Philosophy Lexicon of Arguments

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Adjective: gradable word which expresses a quality or characteristic. In philosophy, we speak of predicates. Not every predicate or adjective has a corresponding property. See also property, predicates, features.
 
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IV 197
Adjective/Lewis: it takes a general term to form a new, composite general term. Category C/C. - (C: Generic term) - the meaning of an adjective is then something that determines how the intension of a general term depends on another - intension/adjective: is a function of general term intentions on general term intentions - their area consists of functions of indices on volumes.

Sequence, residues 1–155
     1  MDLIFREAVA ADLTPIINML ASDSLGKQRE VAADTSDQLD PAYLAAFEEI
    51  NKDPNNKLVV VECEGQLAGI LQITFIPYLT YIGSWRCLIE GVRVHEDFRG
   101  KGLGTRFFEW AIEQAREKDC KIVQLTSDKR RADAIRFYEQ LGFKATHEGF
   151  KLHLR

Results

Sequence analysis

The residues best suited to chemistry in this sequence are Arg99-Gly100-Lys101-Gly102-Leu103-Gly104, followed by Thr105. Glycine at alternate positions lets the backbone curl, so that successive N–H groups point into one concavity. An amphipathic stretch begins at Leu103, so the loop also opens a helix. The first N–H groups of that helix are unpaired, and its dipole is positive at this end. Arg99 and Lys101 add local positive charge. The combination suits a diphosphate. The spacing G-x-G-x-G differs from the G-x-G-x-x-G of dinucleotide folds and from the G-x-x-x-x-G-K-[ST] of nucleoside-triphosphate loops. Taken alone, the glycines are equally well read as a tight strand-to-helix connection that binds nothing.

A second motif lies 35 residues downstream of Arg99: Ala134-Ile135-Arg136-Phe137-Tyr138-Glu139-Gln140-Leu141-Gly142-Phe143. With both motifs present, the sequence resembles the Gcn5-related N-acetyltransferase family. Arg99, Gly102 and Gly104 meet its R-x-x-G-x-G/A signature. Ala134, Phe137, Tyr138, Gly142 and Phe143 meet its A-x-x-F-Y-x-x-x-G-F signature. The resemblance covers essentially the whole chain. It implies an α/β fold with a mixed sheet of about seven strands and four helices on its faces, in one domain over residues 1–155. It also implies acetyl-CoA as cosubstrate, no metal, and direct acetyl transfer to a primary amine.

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IV 199
Adverb/Lewis: derived category: form: (S/N)/(S/N) - takes a verbal phrase (actually S/N) to form a verbal phrase - suitable intension: function of VP intensions to VP I.

LW I
D. Lewis
Die Identität von Körper und Geist Frankfurt 1989

LW II
D. Lewis
Konventionen Berlin 1975

LW IV
D. Lewis
Philosophical Papers Bd I New York Oxford 1983

LW V
D. Lewis
Philosophical Papers Bd II New York Oxford 1986

LwCl I
Cl. I. Lewis
Mind and the World Order: Outline of a Theory of Knowledge (Dover Books on Western Philosophy) 1991


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Ed. Martin Schulz, access date 2017-05-28